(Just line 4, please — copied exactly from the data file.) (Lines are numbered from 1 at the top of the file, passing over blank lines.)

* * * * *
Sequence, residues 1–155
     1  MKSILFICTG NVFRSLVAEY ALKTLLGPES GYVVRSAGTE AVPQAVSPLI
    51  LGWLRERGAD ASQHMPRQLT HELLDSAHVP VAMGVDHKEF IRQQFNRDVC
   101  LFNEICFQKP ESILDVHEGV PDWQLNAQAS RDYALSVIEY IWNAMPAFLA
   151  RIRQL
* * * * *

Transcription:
   101  LFNEICFQKP ESILDVHEGV PDWQLNAQAS RDYALSVIEY IWNAMPAFLA